Last came Fallon, who held his name card up to the crowd, as if trying to distance himself from the previous two. The crowd of 29,312 roared and Fallon climbed up on his chair, urging them louder. It was the first of a handful of moments in which he’d have them eating out of his hands.
“Lot of people,” Brady said. “It’s pretty cool. The atmosphere is amazing.”
Moments later, members of the student section began shouting “Jimmy,” and Fallon raised his hands in celebration. They shouted “Tom,” and Brady pointed and waved. They shouted Julian, and Edelman gave no response and then laughed.
A few minutes later, Edelman would leave the floor and return shortly after wearing an orange John Wallace jersey, perhaps a peace offering to those in attendance.
Over the course of the season, many celebrity guests sitting courtside have taken time for photos with fans at halftime, but Saturday’s trio kept mostly to themselves, separated from the masses by press row barricade.
This time, security guards positioned themselves before fans got too close, urging anyone who paused near the men to keep it moving. A Carrier Dome employee brought them a tray of wraps to enjoy in the second half. If fans had been allowed to stop or if the trio tried to leave their seats during a break, it felt as if a crush of people would have surrounded them.
While a handful of big names have visited the building this year, the profile of Brady and Fallon tower over them all.
None of them seemed to enjoy the game quite as much as Fallon, his Syracuse support on full display.
He rocked forward on positive plays for the Orange. He fell back when UNC responded. He thrust his hands high in the air after Syracuse 3-pointers and spun his finger in the air after defensive stops, urging the Orange up the court.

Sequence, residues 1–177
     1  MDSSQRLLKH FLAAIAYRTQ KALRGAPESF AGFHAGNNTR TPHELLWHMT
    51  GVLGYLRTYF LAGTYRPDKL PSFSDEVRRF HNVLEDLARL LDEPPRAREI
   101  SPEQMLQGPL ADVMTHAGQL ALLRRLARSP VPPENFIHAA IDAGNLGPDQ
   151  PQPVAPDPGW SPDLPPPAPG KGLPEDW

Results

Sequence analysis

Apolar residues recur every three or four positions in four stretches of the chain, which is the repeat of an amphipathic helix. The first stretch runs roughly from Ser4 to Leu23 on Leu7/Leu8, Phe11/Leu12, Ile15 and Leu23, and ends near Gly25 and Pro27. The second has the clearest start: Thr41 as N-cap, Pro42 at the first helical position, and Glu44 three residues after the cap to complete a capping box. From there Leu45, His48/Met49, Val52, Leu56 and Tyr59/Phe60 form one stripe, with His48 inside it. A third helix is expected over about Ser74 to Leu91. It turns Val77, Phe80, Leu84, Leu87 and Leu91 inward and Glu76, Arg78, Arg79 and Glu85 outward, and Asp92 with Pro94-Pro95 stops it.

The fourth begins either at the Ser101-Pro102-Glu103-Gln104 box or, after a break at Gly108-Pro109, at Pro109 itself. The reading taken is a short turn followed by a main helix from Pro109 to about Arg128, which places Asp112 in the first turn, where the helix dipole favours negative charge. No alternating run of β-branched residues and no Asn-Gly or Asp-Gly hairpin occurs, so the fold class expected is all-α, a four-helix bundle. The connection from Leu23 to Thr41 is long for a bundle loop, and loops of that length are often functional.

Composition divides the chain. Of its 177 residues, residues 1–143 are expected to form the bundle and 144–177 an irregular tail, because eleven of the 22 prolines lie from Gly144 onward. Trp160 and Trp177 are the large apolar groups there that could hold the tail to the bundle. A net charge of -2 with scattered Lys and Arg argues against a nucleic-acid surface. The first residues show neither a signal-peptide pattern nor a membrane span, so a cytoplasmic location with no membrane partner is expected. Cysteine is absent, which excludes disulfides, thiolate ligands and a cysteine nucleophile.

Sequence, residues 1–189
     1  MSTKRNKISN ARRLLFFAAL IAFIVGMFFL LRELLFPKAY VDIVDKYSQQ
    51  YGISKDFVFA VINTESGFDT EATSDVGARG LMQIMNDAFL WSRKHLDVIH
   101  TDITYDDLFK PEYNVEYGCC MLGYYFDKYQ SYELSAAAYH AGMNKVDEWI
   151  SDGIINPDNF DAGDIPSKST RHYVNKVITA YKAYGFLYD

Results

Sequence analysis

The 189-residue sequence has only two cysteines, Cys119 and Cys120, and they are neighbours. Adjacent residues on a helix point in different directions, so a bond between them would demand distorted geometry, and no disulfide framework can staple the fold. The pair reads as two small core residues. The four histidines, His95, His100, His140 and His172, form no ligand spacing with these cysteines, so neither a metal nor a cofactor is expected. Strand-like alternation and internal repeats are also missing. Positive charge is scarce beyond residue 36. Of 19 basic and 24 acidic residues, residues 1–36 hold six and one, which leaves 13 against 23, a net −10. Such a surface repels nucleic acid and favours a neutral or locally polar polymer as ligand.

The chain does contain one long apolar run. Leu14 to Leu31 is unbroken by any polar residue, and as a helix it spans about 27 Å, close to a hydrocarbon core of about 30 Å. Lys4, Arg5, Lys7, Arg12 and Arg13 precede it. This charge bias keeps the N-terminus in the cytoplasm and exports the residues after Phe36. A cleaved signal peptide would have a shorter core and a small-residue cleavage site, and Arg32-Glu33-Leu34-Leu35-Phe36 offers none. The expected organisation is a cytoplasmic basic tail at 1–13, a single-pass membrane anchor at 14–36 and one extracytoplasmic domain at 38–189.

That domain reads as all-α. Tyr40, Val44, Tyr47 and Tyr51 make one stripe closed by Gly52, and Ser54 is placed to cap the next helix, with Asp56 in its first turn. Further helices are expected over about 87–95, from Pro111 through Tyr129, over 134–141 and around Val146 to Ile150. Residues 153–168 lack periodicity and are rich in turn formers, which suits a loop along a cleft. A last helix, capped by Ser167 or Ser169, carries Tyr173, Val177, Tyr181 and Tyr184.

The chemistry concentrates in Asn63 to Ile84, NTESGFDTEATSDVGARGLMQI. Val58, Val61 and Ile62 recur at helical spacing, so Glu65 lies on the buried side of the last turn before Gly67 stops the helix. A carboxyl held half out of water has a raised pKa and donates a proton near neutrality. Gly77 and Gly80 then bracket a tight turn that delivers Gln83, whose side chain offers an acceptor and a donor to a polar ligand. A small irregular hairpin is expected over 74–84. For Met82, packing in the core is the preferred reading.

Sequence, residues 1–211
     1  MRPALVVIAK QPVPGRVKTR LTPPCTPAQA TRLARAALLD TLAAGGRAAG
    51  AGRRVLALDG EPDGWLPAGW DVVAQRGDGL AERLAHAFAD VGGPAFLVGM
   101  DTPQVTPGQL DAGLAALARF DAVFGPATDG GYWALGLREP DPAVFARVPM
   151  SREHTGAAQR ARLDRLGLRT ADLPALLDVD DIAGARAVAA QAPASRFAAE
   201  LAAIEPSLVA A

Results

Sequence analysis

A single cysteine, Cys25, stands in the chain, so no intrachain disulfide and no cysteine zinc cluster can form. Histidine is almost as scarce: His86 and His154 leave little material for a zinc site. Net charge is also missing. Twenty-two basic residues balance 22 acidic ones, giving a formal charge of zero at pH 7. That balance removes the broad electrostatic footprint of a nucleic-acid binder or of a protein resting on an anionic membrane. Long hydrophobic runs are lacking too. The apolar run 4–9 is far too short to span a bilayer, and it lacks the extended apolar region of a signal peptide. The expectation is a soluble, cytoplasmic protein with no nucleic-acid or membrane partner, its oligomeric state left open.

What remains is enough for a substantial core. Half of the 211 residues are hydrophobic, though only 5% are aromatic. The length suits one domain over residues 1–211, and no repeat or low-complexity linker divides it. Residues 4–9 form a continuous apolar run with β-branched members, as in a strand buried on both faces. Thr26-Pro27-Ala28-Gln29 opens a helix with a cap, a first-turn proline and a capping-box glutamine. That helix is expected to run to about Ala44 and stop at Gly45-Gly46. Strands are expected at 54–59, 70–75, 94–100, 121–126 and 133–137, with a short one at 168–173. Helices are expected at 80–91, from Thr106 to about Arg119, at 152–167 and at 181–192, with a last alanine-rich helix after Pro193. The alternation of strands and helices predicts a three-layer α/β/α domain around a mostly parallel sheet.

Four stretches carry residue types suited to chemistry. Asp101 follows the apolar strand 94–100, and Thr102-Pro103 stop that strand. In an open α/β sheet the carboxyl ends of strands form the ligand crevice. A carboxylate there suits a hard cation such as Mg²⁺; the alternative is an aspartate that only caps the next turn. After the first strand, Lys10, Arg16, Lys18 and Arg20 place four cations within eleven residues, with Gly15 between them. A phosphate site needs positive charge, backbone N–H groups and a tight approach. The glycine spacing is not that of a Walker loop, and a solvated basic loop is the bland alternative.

Fallon, who grew up south of Albany in Saugerties, has expressed his public affection for the Orange repeatedly, wearing a Syracuse shirt in a promo for “ESPN GameDay.” Otto the Orange appeared on his show on Friday night. He frequently mentions how much he loves that former Syracuse star Rakeem Christmas wore No. 25 and his New York roots have frequently made their way into his acts.
In the second half, he stood up and high-fived the front row off fans as he sprinted across the floor and made his way to the front of the Sour Sitrus Society, climbing a ladder, strapping on ear protection and pretending to conduct the band. He urged the crowd louder. They happily obliged.
A Syracuse cheerleader shouted, “Oh my God. Is this real life?”
On his way back to his seat, Fallon paused his Department of Public Safety escort long enough to take photos with three fans.
With 8 minutes left in the game, he’d serve as a replacement candidate in a shooting contest, missing a pair of layups before making a basket and then a free throw. When he got to the 3-point line he fired away, missing the basket badly. He jokingly mixed badly off-target attempts and one-handed football heaves that cleared the backboard and soared into the student section behind the basket.
On a Saturday in which the basketball game turned out to be rather forgettable for Syracuse fans, Fallon delivered some moments to relish.
“That was his idea,” Brady said. “All his idea. He’s a great guy, great entertainer.”